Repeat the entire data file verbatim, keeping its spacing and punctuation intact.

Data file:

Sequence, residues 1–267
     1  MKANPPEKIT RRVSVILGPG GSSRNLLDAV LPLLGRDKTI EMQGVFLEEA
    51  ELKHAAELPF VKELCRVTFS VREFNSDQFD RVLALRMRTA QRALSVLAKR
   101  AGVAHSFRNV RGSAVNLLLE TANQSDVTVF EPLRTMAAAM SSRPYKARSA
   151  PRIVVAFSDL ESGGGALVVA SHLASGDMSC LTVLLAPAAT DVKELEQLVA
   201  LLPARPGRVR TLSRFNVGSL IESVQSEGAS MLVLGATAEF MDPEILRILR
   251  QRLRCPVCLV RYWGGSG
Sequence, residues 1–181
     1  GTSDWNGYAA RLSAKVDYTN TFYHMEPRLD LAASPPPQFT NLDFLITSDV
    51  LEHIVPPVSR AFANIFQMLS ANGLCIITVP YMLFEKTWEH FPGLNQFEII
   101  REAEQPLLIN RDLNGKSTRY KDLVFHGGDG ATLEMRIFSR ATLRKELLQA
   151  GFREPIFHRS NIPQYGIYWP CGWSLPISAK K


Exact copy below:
Sequence, residues 1–267
     1  MKANPPEKIT RRVSVILGPG GSSRNLLDAV LPLLGRDKTI EMQGVFLEEA
    51  ELKHAAELPF VKELCRVTFS VREFNSDQFD RVLALRMRTA QRALSVLAKR
   101  AGVAHSFRNV RGSAVNLLLE TANQSDVTVF EPLRTMAAAM SSRPYKARSA
   151  PRIVVAFSDL ESGGGALVVA SHLASGDMSC LTVLLAPAAT DVKELEQLVA
   201  LLPARPGRVR TLSRFNVGSL IESVQSEGAS MLVLGATAEF MDPEILRILR
   251  QRLRCPVCLV RYWGGSG
Sequence, residues 1–181
     1  GTSDWNGYAA RLSAKVDYTN TFYHMEPRLD LAASPPPQFT NLDFLITSDV
    51  LEHIVPPVSR AFANIFQMLS ANGLCIITVP YMLFEKTWEH FPGLNQFEII
   101  REAEQPLLIN RDLNGKSTRY KDLVFHGGDG ATLEMRIFSR ATLRKELLQA
   151  GFREPIFHRS NIPQYGIYWP CGWSLPISAK K